Data Protection, Privacy and Confidentiality


Data Protection Privacy Notice for Patients

Introduction

This privacy notice lets you know what happens to any personal data that you give to us, or any that we may collect from or about you.

This privacy notice applies to personal information processed by or on behalf of the practice.

This Notice explains:

  • Who we are, how we use your information and our Data Protection Officer
  • What kinds of personal information about you do we process?
  • What are the legal grounds for our processing of your personal information (including when we share it with others)?
  • What should you do if your personal information changes?
  • For how long your personal information is retained by us?
  • What are your rights under data protection laws?

The General Data Protection Regulation (GDPR) became law on 24th May 2016. This is a single EU-wide regulation on the protection of confidential and sensitive information. It enters into force in the UK on the 25th May 2018, repealing the Data Protection Act (1998).

For the purpose of applicable data protection legislation (including but not limited to the General Data Protection Regulation (Regulation (EU) 2016/679) (the "GDPR"), and the Data Protection Act 2018 (currently in Bill format before Parliament) the practice responsible for your personal data is Weeping Cross Health Partnership.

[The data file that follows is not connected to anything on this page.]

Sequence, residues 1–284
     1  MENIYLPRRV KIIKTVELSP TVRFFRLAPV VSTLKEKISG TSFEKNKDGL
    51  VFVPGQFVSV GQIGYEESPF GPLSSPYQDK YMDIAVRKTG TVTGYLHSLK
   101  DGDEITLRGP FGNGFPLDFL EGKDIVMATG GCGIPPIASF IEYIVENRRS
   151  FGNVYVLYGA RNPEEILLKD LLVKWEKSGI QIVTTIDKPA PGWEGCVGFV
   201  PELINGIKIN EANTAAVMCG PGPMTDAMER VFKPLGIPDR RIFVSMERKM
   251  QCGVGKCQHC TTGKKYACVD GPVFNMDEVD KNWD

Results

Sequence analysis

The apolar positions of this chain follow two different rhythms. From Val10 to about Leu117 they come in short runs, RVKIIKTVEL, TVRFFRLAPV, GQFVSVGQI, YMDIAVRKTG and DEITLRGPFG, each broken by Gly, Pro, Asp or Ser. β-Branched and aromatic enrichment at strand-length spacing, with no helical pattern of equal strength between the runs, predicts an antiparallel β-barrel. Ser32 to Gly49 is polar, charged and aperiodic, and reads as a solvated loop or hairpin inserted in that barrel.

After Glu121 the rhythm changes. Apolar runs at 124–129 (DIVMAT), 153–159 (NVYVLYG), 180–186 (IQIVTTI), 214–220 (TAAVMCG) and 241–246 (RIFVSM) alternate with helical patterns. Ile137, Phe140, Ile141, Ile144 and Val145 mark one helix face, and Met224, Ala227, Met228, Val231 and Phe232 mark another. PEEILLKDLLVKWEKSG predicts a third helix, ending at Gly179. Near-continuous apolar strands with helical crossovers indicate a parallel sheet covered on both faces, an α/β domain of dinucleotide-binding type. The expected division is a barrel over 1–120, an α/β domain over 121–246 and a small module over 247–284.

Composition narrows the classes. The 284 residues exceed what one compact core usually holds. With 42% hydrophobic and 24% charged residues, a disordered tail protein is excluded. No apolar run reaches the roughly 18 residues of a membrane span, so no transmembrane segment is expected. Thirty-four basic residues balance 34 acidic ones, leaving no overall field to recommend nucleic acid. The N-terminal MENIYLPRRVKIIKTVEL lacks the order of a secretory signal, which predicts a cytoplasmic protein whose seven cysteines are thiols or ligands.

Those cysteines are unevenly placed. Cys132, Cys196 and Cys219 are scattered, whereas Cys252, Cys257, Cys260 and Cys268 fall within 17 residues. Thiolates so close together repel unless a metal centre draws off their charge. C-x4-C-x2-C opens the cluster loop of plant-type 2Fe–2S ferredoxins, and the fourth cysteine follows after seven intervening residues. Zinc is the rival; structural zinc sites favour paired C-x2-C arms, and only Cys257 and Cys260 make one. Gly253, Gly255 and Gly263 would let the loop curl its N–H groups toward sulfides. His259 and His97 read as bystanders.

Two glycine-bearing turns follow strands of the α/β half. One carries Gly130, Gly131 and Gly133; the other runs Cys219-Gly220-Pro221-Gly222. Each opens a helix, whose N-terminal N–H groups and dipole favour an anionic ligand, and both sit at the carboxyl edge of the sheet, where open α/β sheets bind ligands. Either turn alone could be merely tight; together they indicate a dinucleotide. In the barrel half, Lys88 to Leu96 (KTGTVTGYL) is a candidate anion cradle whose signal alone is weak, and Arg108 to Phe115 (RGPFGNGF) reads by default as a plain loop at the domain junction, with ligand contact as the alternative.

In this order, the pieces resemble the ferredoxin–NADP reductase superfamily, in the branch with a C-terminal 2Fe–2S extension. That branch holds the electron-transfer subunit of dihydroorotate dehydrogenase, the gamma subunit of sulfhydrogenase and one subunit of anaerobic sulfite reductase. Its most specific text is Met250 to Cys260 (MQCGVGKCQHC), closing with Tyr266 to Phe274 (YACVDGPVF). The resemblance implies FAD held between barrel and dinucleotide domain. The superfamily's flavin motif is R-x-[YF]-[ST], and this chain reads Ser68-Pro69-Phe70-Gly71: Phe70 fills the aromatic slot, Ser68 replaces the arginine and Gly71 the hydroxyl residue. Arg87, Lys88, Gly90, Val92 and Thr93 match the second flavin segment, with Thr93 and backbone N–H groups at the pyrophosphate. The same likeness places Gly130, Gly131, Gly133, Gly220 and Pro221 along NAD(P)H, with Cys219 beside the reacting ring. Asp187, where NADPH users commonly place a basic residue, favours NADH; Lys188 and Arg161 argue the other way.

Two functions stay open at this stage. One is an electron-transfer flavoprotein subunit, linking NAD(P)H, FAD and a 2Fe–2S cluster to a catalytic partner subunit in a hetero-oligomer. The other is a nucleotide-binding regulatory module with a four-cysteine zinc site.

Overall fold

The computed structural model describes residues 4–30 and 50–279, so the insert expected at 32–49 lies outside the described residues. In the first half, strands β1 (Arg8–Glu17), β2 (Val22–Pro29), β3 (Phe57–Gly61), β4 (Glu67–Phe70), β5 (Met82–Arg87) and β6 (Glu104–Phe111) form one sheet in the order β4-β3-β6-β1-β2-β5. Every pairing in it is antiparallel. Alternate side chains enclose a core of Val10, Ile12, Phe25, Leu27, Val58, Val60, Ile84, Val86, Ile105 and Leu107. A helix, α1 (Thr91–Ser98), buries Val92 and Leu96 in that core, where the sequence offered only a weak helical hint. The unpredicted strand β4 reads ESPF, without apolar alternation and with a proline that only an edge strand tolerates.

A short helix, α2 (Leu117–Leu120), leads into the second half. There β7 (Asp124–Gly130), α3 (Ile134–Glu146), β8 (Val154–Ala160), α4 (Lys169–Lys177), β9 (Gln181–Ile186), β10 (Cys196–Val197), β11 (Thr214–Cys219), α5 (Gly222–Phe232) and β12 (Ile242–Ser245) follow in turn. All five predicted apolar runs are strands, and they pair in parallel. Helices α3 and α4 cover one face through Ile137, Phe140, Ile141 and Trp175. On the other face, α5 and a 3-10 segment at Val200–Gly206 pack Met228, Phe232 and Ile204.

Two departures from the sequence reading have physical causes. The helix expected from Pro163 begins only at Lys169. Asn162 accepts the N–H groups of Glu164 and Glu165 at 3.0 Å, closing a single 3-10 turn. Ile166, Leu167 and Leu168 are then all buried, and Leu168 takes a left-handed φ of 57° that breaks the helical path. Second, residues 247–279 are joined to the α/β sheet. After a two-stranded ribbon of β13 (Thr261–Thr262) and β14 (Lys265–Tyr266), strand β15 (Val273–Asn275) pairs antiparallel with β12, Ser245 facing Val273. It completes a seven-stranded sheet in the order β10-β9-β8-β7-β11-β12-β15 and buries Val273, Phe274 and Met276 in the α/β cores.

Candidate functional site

This Notice describes how we collect, use and process your personal data, and how, in doing so, we comply with our legal obligations to you. Your privacy is important to us, and we are committed to protecting and safeguarding your data privacy rights.

To continue reading our privacy notice please click here to download the complete document.

Access to Patient Information

Everyone working in the NHS has a legal duty to maintain the highest level of confidentiality about patient information. Your medical history is/will be recorded on the practice computer system and in paper records, these records are accessed by authorised users only. For further information about who has access to patient information please see the confidentiality information guide which is available from reception.

Patient Confidentiality Policy

If you wish to speak to the receptionist in confidence, there is a quiet area available away from the main reception. Please ask.

You have the right to know as much about your medical condition as you want to know. We will not discuss your case with anyone not directly involved in your health care unless you wish us to and have given your consent first.

You are welcome to see your health records and discuss the contents with the doctor if you wish.

The Information we Hold & Where we Hold it

Confidentiality is at the heart of good medical practice and is based upon mutual trust and confidence.

Patients' health records are kept by the practice with which they are registered and the hospital or NHS trust which treats them. Each health professional is responsible for the accuracy and safekeeping of health records.

The records include general information like name, address and date of birth. They also contain details of care such as consultations, illnesses, investigations undertaken, prescriptions received and treatment carried out.